Cyber Mum – Cutting Screen Time… Say not to Yourself!

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Much has been written about how digital overload can impair a child’s social, emotional and intellectual growth so with the school holidays approaching, I thought this month I would talk about how to cut down screen time.

Parents, you may not like me … But generally we are often at fault, directly or indirectly, when children and teenagers become hooked on electronic media, playing video games or sending texts many hours a day, instead of interacting with the real world and the people in it. As parents, we have an opportunity to guide our kids so that they can learn habits that help them make use of the digital world, without being swallowed by it. However, it is becoming increasingly evident that for some reasons, today’s parents are unprepared to deal with the intense pull and highly addictive nature of what the online world has to offer. There are two common parental behaviours that can strongly influence a child’s tendency to abuse electronic media.

  1. Some parents are perpetually tuned into their own devices, responding to every ping of their mobile phone and tablets, receiving and sending messages at times that would enrage us if it were our child.
  2. Other parents fail to establish and enforce appropriate rules for media engagement by their children.

Young children learn by example, often copying the behaviour of adults. I often see youngsters in prams or on foot with a parent who is chatting or texting on a mobile phone, instead of conversing with the children in their charge. Parents should think twice before using a mobile device when with their children. I suggest you try to make a conscious effort to check email and your social media before your children get up, while they are in school, or after they go to bed. Aside from the responsible parenting aspect, research has found that when parents are absorbed in their own devices, children are more likely to act out, apparently to get their parents’ attention. Experts are especially concerned about parental failure to pay full attention to their children at critical times of the day, like when taking children to and from school. This should be a mobile free zone for everyone – no Bluetooth for parents or devices for the kids. The pickup from school is a very important transitional time for kids – a time for them to download their day. Parents shouldn’t be saying, “Wait a minute; I have to finish this call”. Likewise, when parents come home from work, they should walk in the door unplugged and use the first hour they are home as time to reconnect with the family.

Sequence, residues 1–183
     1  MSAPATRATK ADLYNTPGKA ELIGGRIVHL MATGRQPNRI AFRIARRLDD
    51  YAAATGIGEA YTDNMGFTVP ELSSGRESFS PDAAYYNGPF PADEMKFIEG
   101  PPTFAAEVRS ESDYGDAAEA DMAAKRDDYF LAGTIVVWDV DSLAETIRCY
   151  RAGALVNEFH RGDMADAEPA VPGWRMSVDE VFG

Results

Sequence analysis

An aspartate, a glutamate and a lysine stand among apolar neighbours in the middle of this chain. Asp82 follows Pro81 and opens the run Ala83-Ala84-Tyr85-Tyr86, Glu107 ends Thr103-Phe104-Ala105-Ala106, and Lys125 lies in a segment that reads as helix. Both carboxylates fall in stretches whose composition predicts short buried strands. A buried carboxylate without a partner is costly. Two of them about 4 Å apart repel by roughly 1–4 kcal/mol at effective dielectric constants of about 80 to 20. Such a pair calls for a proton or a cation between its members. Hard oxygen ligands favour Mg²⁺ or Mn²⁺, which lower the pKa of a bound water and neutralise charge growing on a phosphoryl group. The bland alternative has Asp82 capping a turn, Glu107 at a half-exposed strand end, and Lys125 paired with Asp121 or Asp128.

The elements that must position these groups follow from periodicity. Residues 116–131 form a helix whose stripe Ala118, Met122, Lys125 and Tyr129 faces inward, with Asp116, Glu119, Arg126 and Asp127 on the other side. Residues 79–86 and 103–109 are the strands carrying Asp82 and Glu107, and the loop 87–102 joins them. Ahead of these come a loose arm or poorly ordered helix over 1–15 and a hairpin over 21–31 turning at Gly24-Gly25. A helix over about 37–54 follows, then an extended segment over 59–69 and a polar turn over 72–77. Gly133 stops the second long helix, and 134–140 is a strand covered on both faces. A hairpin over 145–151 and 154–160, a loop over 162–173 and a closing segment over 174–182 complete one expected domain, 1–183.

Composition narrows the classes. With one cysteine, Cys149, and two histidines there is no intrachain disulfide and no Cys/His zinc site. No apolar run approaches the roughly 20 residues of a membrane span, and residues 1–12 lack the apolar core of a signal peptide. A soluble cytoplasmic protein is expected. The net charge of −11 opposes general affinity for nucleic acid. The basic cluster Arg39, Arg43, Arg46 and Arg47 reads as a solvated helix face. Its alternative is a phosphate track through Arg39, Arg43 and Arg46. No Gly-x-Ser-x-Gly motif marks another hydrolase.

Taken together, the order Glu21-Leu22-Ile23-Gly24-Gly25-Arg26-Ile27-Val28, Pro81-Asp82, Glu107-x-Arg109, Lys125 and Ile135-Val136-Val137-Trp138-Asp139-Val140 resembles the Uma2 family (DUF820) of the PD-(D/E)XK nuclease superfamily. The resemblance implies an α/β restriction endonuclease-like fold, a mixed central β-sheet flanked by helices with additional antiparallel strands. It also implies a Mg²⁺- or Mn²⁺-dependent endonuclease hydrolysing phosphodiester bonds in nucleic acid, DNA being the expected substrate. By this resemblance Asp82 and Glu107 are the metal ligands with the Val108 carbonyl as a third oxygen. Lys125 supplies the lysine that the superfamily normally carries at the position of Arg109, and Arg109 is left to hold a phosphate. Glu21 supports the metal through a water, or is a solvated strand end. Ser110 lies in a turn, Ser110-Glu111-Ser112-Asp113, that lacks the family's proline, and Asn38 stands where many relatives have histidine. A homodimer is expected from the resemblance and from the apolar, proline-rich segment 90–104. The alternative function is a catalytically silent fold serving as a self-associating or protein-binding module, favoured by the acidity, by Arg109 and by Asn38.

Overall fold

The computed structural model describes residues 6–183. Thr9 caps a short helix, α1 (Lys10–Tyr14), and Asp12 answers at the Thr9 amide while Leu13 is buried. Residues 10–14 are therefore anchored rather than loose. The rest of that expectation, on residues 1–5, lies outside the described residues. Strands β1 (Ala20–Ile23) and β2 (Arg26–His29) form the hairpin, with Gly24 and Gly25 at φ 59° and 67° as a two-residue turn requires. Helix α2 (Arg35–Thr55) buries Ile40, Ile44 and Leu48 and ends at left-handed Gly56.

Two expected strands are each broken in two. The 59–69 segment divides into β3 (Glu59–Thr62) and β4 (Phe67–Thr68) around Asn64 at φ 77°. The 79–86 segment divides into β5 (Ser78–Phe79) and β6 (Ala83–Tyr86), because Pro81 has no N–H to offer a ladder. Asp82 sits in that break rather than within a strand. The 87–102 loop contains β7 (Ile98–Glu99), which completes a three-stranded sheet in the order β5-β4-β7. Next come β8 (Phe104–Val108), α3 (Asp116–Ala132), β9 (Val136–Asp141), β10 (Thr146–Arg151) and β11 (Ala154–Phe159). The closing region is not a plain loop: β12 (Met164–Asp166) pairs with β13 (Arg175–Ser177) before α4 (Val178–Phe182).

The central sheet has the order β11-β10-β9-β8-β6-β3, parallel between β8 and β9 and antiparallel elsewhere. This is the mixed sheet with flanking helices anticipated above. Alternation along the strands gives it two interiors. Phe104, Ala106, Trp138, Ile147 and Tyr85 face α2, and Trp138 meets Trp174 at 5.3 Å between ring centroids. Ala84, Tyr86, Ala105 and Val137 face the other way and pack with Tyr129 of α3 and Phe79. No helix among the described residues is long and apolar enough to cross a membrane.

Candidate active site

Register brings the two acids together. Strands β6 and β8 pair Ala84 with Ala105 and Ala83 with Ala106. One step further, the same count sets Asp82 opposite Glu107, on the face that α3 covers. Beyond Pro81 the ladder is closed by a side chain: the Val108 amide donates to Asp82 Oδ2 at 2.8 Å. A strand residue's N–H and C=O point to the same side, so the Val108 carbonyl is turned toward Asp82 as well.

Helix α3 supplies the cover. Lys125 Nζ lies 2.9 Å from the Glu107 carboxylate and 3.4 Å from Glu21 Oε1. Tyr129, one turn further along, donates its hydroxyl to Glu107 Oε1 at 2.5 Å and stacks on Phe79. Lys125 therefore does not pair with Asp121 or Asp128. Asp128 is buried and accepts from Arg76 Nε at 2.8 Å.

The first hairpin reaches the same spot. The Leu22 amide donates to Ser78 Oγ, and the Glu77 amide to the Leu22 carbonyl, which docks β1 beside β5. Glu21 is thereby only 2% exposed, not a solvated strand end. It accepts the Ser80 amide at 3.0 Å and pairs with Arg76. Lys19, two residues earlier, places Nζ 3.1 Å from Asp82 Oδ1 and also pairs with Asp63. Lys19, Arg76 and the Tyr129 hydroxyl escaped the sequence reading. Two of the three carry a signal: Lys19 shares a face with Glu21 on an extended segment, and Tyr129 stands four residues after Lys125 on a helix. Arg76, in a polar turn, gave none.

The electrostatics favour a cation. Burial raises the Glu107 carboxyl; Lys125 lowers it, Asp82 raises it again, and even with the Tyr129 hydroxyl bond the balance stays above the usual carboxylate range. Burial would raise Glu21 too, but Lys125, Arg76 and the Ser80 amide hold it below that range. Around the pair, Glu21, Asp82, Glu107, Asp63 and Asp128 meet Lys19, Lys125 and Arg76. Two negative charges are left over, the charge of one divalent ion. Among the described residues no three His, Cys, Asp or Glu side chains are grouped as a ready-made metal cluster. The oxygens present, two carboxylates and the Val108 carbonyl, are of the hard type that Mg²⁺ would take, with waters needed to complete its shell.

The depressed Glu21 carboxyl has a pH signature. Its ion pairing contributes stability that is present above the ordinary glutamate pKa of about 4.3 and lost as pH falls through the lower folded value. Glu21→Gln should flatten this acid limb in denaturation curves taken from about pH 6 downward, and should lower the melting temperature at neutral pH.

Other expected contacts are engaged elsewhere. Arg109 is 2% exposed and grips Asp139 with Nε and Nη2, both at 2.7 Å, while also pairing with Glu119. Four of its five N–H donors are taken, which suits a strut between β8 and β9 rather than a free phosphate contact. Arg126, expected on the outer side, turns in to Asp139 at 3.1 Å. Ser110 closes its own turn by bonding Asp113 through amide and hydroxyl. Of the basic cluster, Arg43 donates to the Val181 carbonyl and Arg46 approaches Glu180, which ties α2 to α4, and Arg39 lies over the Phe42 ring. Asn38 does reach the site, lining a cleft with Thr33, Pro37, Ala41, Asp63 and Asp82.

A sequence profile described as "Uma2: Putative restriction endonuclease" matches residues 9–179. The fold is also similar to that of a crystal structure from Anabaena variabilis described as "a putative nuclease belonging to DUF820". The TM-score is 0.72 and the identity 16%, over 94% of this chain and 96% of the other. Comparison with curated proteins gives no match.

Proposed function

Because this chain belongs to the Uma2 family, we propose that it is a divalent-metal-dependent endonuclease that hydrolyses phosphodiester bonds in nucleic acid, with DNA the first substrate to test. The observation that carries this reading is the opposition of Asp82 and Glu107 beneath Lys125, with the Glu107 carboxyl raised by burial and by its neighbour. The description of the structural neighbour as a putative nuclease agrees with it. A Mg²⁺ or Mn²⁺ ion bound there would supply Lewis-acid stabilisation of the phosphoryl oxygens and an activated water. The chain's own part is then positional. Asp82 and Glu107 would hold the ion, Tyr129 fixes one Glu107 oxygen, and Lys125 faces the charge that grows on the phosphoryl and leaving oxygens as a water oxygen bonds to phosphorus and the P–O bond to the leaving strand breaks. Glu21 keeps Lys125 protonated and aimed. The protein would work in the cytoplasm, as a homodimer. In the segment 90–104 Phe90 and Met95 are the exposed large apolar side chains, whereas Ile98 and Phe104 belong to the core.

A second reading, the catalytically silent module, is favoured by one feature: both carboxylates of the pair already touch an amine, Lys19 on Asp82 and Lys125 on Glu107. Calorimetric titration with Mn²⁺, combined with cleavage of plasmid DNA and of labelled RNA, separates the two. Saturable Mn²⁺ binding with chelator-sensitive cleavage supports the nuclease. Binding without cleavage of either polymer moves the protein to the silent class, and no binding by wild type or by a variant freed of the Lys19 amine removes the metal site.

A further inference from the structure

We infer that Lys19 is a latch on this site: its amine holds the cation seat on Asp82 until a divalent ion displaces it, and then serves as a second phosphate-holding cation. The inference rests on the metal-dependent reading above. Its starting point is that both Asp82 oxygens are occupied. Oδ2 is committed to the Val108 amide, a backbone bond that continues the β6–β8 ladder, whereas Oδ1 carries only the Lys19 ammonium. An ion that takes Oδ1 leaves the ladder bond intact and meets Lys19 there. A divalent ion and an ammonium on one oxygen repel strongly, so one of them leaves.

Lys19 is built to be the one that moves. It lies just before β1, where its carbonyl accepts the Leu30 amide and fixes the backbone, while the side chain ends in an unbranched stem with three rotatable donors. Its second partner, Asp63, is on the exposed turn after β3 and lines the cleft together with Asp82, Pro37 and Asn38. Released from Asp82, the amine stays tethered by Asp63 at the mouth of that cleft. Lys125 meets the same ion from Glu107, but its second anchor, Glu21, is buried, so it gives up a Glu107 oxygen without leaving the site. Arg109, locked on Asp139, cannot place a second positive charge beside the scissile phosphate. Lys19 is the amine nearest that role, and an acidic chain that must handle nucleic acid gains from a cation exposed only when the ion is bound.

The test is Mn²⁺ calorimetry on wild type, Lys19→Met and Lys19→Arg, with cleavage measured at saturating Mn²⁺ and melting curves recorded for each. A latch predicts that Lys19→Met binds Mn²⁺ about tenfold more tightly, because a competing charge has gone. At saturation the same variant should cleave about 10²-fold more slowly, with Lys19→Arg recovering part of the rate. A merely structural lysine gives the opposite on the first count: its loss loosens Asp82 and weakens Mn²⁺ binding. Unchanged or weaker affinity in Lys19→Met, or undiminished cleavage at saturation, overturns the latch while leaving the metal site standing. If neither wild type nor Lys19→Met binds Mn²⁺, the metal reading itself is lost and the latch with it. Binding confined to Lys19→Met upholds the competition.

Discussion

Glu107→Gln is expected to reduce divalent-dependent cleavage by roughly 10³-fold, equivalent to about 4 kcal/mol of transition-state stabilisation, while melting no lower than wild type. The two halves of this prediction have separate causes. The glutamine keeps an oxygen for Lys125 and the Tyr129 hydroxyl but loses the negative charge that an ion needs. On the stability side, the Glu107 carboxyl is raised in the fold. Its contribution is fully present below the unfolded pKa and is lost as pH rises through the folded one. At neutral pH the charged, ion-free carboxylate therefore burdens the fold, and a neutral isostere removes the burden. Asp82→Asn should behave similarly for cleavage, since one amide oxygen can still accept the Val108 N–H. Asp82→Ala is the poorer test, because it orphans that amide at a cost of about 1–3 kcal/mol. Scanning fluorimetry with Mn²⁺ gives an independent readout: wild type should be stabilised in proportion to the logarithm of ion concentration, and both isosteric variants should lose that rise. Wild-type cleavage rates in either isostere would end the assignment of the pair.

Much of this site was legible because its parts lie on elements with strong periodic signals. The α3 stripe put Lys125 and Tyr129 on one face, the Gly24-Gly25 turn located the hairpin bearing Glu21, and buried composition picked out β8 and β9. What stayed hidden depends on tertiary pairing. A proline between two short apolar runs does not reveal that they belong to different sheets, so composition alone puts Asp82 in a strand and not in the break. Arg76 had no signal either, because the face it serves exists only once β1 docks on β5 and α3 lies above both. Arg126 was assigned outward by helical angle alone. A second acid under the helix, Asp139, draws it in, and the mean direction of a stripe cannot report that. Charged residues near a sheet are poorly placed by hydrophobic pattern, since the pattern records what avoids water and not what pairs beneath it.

I strongly recommend that neither parents or children should be using devices when the family dines out; the art of dining and the connection between delicious food and nourishing conversation is being lost, not just in restaurants, but at home as well.

Interestingly, medical experts attribute a 20 per cent increase in accidental injuries seen in pediatric emergency rooms due to parents’ failure to pay full attention to those they are supposed to be watching, like infants and toddlers in the bathtub or children at the playground. Your reaction time and attention is not the same when you’re texting or talking on a mobile phone. I encourage establishing device-free times of the day, like the first hour after school and the hour before bed and most importantly, mobile phones – including parents’ – should not be allowed at the dinner table.

Make time for real-life activities with your kids that let them know that they’re worth your time and undivided attention. Do things together that nourish your relationship. So with winter school holidays upon us, here are some ideas on things you can do as a family without technology:

  • Cook dinner together
  • Visit the local soup kitchen and help make dinner for the less fortunate
  • Do a jigsaw puzzle
  • Have a family picnic
  • Take a bike ride
  • Play frisbee
  • Go swimming
  • Play with your pet
  • Go to the park
  • Look through old family photo albums
  • Go bowling
  • Play hide and seek
  • Visit a relative
  • Find a grass hill and go sledding on some cardboard boxes
  • Have a family touch football game
  • Go ice skating
  • Go outside and take some fun family photos
  • Make a meal and surprise an elderly or sick neighbour
  • Play a board game or a game of cards
  • Build a fort or cubby indoors or outdoors
  • Hike through the bush
  • Shoot some hoops
  • Have a fire and roast marshmallows
  • Go fishing
  • Go for walk on the beach
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